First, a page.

Here it is, finally: the last five titles in the unintentionally protracted ‘Albums of the Noughties’ countdown. It can only be anti-climactic after this wait, right? You can see #20 – 15 here, #14 – 11 here, and #10 – 6 here.
5. Brendan Benson – ‘Lapalco’
When I wrote about why this record should be deemed an ‘Album of the Decade’ for The Ticket, I compared it to a dog sticking its head out of a car window on a hot summer day. Well, it’s true that there are songs on Brendan Benson’s second album that are just bursting with big, sunshine-imbued sentiments (Tiny Spark, Good to Me), but there’s also an undercurrent of self-deprecation and sadness (Metarie, Just Like Me) – so imagine someone threw an ice cream at the dog. Benson, in my eyes, is a hugely underrated songwriter. He has an innate comprehension of melodies, and how to piece them together in ways that just work effortlessly like few other modern musicians do, and this album showcases that skill superbly. Oh, and his last one (My Old, Familiar Friend) was my favourite album of 2009 – but that’s a whole different post.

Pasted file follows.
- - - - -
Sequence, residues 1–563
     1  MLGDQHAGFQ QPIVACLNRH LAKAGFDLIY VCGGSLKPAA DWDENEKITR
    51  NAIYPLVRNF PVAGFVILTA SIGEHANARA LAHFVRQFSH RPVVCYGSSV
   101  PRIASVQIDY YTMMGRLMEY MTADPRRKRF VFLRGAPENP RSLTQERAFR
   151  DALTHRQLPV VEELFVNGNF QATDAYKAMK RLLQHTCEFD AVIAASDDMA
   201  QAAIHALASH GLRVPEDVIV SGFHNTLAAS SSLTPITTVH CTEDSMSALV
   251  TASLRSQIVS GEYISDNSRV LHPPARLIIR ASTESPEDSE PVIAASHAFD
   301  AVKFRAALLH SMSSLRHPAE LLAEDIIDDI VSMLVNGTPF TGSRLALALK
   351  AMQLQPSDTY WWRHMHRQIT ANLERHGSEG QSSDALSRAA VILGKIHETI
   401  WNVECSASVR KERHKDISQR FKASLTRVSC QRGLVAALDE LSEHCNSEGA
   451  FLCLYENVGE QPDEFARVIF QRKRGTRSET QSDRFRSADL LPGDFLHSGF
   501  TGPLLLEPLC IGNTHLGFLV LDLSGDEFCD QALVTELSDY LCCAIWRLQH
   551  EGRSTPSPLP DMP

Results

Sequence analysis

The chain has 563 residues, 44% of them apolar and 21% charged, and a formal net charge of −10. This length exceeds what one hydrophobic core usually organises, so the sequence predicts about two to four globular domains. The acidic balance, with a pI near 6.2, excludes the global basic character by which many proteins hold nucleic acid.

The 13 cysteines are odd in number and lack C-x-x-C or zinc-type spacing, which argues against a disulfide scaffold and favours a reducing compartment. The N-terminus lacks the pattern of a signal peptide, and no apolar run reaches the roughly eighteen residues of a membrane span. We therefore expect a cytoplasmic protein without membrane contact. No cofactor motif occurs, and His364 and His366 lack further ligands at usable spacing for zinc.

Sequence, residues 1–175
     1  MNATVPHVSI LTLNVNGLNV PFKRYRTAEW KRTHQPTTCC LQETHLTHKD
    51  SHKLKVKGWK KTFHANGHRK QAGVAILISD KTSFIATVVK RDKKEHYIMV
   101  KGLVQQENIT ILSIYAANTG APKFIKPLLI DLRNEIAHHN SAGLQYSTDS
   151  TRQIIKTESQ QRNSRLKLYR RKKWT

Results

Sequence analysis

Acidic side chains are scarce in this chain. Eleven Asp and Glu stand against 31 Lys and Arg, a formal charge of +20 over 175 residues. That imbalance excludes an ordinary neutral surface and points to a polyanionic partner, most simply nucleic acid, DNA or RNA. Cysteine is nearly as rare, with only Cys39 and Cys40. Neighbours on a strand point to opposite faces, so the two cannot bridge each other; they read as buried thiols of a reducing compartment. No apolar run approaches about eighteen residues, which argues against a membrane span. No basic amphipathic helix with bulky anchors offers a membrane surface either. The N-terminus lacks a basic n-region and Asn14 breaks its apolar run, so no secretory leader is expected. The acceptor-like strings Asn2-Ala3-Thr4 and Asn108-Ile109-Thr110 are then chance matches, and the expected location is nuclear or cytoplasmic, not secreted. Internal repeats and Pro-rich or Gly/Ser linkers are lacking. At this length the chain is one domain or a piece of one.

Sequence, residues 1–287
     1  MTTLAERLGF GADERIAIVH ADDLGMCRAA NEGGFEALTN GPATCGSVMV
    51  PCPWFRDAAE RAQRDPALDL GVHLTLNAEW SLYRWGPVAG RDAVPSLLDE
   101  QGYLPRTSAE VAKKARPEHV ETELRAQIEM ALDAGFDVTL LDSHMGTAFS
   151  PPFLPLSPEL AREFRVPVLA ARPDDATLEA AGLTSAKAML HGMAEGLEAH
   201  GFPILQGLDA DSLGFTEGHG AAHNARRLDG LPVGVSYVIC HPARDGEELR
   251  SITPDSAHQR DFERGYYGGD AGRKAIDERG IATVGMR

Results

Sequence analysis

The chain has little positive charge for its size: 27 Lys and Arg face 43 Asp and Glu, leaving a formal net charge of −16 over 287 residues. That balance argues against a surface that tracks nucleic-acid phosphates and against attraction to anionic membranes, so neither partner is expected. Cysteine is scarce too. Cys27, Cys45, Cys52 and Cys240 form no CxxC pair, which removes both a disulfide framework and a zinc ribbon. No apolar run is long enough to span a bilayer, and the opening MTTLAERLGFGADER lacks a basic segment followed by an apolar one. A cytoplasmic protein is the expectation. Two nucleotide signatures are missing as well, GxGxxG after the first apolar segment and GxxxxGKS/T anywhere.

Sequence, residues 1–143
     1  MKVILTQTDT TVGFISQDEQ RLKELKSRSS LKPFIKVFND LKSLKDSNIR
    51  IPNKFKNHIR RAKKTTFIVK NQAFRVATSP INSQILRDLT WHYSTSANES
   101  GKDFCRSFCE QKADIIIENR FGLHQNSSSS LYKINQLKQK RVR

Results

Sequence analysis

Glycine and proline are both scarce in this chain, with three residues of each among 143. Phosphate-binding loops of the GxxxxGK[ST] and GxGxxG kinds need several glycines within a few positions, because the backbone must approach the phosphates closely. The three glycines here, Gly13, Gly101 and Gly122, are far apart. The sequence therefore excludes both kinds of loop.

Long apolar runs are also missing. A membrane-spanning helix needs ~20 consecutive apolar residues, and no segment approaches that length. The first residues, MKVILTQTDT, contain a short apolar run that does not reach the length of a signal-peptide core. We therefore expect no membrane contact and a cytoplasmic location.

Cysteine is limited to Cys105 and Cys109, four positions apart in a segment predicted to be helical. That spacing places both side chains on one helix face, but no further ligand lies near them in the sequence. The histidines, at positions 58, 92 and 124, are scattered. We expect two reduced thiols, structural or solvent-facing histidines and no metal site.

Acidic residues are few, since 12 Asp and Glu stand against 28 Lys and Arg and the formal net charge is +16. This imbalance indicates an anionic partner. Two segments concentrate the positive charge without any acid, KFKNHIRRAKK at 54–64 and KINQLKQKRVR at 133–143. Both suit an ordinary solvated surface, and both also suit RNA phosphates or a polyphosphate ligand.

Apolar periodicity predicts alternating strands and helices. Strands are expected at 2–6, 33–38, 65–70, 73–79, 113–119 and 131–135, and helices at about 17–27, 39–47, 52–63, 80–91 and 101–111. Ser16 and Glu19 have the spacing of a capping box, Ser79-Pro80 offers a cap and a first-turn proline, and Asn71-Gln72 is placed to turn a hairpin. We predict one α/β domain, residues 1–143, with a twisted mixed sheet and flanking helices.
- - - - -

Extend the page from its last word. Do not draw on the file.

4. Arcade Fire – ‘Funeral’
Predictable – yes, perhaps. Deserving of its place on any ‘Best Albums of the Noughties’? You’d be a churlish idiot to disagree. Yet I have a confession to make: I am not an Arcade Fire fangirl. I don’t really understand the blind evangelism that this band inspires in some people. I mean, ‘Neon Bible’ and ‘The Suburbs‘ are both fine albums, but let’s face it: Win Butler and co. will never make an album like ‘Funeral’ again. How can an album so informed by death (several of the band members had family members die before and during its recording) be so utterly joyous in places? It gleams, it soothes, it electrifies, but what’s so impressive about ‘Funeral’ is that it sounds like an ‘old fashioned’ record in the sense that it’s so well-crafted; like a carpenter painstakingly designing, then carving, then sanding a sturdy piece of furniture. After writing a song like Power Out, maybe they should have just given up there and then.
3. Interpol – ‘Turn on the Bright Lights’